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Elderly beginners enjoy violin / Many take advantage of teaching method tailored to different skills

I would shy from an invitation to try the violin--it seems like a difficult instrument that can only be played well if you've practiced since childhood--but recently a growing number of senior citizens have been taking up the violin for the first time in their lives.

Have I been letting ignorance deter me?

The sound of violins could be heard June 2 in a day-care service center for the elderly in Musashino, Tokyo. People in their 60s to 70s, many of whom are members of the Musashino Senior Ensemble, played the violins that day as part of music therapy conducted in the center to help prevent dementia.

"Ring your bells in time with the violins," the conductor told some elderly people who were playing handbells. Together they and the violinists played such famous Japanese pieces as "Furusato" and "Bara ga Saita."

"As long as I do this, I'll never become senile," said 63-year-old Jiro Muramatsu, a company president in the city and one of the ensemble's members.

His body moved gracefully as he played the violin, and I was surprised to hear he has played for only two years and practices just once a week. Muramatsu began playing the violin after seeing a notice about lessons for beginners in the city government's newsletter.

At the time, his music experience mainly comprised playing folk guitar a little about 40 years ago. He had never touched a violin, but thought if the city was soliciting participants, it should work out.

Muramatsu also wanted to try something new, as he had just passed 60.

For the first two months, he practiced without depressing the strings, only using his right hand to bow the string that produces the note of D. Though it was easy to make the sounds, the tone was mixed with noises like the rasp of a saw on wood.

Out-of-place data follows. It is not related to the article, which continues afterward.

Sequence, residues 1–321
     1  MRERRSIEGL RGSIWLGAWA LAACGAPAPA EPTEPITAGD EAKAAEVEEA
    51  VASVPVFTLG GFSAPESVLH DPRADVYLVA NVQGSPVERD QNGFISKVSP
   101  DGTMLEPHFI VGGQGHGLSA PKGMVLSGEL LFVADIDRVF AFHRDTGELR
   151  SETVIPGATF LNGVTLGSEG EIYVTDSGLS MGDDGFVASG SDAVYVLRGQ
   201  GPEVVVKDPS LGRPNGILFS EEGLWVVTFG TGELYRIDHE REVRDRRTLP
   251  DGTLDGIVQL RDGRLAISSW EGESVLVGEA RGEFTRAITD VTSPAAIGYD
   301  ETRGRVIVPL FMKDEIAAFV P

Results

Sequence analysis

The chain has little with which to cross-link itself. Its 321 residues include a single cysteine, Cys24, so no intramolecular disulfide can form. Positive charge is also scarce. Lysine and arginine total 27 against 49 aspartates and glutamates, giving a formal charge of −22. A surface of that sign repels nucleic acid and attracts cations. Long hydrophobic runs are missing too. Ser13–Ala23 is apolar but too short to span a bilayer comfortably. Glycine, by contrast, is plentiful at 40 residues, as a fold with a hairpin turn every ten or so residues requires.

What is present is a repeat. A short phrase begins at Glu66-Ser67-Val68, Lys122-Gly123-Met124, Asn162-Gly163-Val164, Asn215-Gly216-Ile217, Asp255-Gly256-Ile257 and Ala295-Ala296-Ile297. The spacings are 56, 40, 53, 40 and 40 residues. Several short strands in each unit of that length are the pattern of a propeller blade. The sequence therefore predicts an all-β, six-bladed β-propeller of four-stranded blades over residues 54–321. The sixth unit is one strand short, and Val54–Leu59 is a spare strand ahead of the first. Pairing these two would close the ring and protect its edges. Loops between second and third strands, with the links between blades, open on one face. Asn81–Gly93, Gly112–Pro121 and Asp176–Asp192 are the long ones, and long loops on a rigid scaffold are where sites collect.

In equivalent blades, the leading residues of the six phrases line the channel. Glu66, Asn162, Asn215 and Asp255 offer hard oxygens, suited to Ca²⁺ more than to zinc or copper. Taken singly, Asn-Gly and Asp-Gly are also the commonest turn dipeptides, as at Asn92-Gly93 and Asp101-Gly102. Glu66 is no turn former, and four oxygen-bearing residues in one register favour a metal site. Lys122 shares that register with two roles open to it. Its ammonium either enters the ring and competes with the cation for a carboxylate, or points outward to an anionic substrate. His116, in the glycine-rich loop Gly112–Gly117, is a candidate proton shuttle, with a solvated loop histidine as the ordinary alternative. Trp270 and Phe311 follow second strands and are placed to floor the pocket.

Gradually, Muramatsu became able to play with his left hand as well. Six months later, he played at a music festival in Musashino.

"When I stood on the stage, I felt like I'd become more skillful in playing the violin," he said.

Muramatsu could play only seven notes at that point, but he was able to perform thanks to the coaching method devised by Hiromi Yamagami, 60, who taught his classes.

Yamagami graduated from Tokyo University of the Arts. After working as a professional musician, she has worked as the center's instructor since 1996.

Yamagami prepares four scores for each piece, for players with different skill levels. Beginners who can only produce D notes, for example, use a score containing just short and long D notes throughout. Because beginners play with more advanced performers, audiences can still enjoy the music.

"Though I played only D notes when I began the violin, I felt contented and I could play well when I joined the ensemble," Muramatsu said.

Everyone, he said, from beginners to people with long careers can feel fulfilled.

Another of Yamagami's methods is to invite students to join her music therapy activities, which she has pursued for 20 years.

The players visit facilities for the elderly and receive listeners' applause. Yamagami said players feel they have made a contribution to something, and as a result have more incentive.

Akira Kanbe, 83, of Musashino also learned the violin through Yamagami's lessons. He was invited to join an ensemble when he was 71 by a friend who said it was short of members. Kanbe felt he could not say no and began practicing the violin.

He gradually became enthusiastic about the instrument. After finishing Yamagami's lessons, Kanbe formed a music group with former fellow students of Yamagami and has continued his musical activities.

"I'll keep playing violin and golf until I die," Kanbe said.

Yamagami said she does not praise players with poor skills: "My learners are adults. They immediately notice a lie."

The important thing, she said, is to remove the psychological barrier for beginners.

"If people can continue practicing without getting fed up, they should realize how attractive it is," Yamagami said.

According to the nonprofit organization Zennihon Senior Ensemble Renmei, the number of groups of senior citizens playing the violin has been increasing. Many are starting to learn after retiring.

Organization head Akihito Serizawa said: "Playing musical instruments together with friends makes people happier. Many people around me are very healthy probably because they play music instruments."

Masaki Gunji, an associate professor of Seitoku University who is an expert on music therapy, said, "By trying the violin, elderly people with pride and intelligence may be able to gain intellectual stimulation."

Why don't we all abandon the idea that playing the violin is too difficult?

(Jun. 21, 2010)
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